How to explain there cannot be a case where r=0 in F=G(Mm/r^2)
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Feb24-13, 04:40 PM
Hi. This is my first post here. In one of our science groups in Facebook, a member is asking about a case where r=0 in Newton's Equation F=G(Mm/r^2)
The best i could do was to state that there cannot be two point masses with a distance r=0 between them. He seems to accept my explanation but his intuition that it should be 'infinity' still remains. I would like to explain it better. Can you please help?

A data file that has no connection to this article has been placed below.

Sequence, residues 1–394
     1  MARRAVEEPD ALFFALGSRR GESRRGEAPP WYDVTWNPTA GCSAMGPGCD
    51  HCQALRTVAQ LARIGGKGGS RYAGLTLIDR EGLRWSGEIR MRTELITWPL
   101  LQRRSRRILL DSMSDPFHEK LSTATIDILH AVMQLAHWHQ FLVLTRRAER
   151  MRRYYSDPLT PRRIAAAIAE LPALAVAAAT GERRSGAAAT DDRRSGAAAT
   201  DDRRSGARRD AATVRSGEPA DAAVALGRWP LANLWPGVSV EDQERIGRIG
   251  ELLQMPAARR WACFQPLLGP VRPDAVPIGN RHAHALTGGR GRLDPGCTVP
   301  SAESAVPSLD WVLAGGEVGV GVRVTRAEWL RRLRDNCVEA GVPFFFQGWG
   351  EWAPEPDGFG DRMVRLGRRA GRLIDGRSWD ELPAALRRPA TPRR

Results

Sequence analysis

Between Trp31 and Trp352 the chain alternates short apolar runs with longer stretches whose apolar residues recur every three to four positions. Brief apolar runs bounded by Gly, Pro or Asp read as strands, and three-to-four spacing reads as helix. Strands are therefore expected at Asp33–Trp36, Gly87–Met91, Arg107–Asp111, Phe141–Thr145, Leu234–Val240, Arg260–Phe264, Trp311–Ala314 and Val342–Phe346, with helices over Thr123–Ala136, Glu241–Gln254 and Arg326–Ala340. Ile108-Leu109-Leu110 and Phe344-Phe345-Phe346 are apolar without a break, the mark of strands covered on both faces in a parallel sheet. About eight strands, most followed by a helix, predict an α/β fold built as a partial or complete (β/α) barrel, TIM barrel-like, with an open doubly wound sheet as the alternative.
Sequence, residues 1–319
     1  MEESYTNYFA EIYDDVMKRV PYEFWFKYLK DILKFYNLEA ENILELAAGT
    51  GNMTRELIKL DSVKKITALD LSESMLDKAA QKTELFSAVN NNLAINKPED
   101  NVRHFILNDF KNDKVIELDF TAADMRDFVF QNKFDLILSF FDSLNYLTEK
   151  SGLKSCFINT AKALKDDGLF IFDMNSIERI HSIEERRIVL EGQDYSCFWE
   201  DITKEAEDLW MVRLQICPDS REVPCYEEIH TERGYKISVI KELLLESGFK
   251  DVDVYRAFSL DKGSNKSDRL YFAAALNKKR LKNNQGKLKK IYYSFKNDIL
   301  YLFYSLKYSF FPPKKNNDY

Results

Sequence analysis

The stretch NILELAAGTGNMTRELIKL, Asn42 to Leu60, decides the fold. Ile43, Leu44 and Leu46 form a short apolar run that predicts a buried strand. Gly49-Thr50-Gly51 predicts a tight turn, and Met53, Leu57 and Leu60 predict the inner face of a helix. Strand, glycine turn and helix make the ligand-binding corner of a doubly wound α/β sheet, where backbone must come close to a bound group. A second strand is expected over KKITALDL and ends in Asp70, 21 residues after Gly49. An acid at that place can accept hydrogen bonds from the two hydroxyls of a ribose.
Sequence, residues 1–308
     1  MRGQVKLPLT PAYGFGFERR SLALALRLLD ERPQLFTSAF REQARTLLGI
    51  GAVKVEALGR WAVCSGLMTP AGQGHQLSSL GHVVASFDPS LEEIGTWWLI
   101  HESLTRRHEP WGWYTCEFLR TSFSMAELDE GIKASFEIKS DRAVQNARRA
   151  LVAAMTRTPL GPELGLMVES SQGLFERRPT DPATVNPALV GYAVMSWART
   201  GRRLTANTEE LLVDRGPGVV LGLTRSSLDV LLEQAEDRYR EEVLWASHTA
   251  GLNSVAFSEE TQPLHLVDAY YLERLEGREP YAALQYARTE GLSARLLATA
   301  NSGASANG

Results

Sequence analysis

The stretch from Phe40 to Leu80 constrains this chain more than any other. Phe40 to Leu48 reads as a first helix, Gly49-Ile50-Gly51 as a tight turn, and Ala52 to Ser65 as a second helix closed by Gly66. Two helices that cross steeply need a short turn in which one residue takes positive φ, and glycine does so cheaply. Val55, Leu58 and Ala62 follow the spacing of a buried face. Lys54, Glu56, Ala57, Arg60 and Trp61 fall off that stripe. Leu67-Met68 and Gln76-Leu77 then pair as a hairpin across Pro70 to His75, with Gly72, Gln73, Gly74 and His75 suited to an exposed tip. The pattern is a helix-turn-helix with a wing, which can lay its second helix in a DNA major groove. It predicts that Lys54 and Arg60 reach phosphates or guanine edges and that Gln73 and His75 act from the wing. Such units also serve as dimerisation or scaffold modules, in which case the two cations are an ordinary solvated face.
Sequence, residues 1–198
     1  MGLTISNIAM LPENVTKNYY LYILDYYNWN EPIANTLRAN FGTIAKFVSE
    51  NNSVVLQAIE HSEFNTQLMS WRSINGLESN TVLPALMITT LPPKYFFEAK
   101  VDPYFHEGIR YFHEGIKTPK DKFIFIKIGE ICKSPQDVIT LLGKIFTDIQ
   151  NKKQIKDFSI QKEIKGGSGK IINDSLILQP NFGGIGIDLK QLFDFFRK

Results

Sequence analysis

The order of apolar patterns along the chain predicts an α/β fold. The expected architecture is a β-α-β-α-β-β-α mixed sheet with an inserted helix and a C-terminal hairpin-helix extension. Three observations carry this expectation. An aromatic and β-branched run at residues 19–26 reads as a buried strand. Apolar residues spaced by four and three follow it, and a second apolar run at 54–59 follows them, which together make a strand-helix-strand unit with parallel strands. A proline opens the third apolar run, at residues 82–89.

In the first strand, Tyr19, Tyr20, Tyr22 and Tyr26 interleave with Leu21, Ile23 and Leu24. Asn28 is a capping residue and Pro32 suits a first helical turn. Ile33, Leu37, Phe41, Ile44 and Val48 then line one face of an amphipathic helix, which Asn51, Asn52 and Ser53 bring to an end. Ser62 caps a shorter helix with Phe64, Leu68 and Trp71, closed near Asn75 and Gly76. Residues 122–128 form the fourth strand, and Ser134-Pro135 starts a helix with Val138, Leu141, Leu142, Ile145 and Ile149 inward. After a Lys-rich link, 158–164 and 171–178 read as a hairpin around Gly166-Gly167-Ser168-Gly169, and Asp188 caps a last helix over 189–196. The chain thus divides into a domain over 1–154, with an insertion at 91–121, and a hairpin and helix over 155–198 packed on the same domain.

I have searched the site but could not find the answer. If there is already a thread, I would be glad if you could point me towards it.
When r=0, you no longer have two masses, you have one. This condition actually does occur at a black hole, where all mass is (believed to be) contained in a singularity, i.e., a single point.